Changing Your Name
Some people change their name to make it easier to spell or pronounce. Other people change their name because of marriage, divorce or family problems.
People can use any name they want, as long as they do not choose it for a fraudulent purpose (such as to defraud creditors) and it does not invade someone else’s privacy. Also, people cannot use a number as their name. One man tried to change his name to the Roman numeral “III” (pronounced “three”). Before that, a man tried to change his name to “1069.” Both name change requests were denied. The courts are unanimous that a number is not a name. However, it is likely that a number that is spelled out, such as “Five,” can be a name.
How to Change a Name
Most states allow a simple method for changing a name. A person can just start regularly using the new name and change his or her driver’s license, social security card and other documents. All states also have a formal court procedure that can be used for a name change.
Government agencies, banks and other businesses sometimes will not issue documents unless they have certification that the new name really belongs to the applicant. Thus, changing a name is often simplified by using the formal court procedure, even in states that do not require it. The formal procedure consists mainly of publishing the proposed new name in a local newspaper and then getting a court order certifying the name change. A copy of the court’s order can be used to show anyone that the new name is official.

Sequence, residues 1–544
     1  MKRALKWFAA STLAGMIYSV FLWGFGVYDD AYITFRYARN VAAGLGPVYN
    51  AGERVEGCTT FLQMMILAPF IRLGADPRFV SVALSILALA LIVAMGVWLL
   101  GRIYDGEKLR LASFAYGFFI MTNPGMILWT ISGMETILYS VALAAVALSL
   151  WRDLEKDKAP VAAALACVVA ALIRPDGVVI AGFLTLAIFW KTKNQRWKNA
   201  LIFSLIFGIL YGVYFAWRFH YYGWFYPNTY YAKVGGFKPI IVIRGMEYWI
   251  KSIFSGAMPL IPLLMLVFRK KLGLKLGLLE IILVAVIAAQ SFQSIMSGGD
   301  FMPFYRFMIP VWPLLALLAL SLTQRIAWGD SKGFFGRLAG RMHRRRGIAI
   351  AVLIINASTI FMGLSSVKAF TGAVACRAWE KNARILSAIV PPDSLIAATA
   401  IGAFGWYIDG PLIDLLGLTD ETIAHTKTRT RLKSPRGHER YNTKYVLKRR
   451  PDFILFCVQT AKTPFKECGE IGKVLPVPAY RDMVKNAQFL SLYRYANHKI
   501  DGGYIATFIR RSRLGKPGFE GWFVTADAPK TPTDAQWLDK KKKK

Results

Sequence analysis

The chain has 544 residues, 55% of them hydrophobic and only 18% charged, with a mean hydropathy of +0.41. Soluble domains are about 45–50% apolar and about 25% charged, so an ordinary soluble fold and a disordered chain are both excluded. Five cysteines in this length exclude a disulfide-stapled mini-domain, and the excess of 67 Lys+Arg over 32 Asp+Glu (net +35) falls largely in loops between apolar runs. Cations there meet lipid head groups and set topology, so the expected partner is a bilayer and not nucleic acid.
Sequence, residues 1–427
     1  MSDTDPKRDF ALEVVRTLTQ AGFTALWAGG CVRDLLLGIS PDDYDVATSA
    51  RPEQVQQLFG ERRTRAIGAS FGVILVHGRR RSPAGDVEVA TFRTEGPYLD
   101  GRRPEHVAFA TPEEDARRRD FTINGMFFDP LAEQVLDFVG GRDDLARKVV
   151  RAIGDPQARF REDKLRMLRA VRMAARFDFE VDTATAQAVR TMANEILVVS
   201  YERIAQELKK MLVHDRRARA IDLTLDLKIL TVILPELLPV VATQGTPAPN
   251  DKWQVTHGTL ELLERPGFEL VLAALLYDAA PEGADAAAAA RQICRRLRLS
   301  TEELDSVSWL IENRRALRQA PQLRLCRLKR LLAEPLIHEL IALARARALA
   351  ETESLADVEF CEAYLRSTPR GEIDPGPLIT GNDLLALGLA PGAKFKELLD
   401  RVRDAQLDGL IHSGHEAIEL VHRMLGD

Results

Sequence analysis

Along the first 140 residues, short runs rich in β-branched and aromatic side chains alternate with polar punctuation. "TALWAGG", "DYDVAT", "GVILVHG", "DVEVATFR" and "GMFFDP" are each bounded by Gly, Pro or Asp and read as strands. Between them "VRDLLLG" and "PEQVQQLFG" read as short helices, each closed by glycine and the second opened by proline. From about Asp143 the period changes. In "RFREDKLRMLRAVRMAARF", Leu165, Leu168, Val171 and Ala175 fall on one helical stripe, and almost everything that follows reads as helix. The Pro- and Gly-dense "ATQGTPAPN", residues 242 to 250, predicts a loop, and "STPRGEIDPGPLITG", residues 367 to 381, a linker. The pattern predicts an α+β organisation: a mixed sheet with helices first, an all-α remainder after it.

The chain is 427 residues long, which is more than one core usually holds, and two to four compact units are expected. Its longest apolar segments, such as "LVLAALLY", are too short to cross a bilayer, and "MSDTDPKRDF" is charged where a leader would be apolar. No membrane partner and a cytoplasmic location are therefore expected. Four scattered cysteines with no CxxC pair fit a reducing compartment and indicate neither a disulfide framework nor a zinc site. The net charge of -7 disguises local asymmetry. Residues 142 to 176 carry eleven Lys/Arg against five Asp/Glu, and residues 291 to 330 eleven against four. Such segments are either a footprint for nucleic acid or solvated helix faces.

Changing Your Name After Marriage or Divorce
In our society, women have often adopted the last name of their husband. But no law requires this, and the custom is changing. Many married women now keep their maiden name. In some marriages, both partners use a combination of their last names. For example, when Susan Smith and John Jones marry, they may use the name Susan and John Smith-Jones. No law prohibits this practice.
Many women who changed their name when they were married often want to go back to their maiden name if they divorce. There are several ways to do this, including adding a provision to the divorce decree or simply resuming use of the prior name and changing driver’s licenses and other documents accordingly, thus avoiding going through the formal name change process discussed above and the related cost. In some cases, women who elected not to change their name at the time of their divorce change their mind after the decree has already been filed. In this event, the return to the maiden name can be accomplished by filing a simple form with the local court clerk at no cost. We would be pleased to provide this form to you upon request.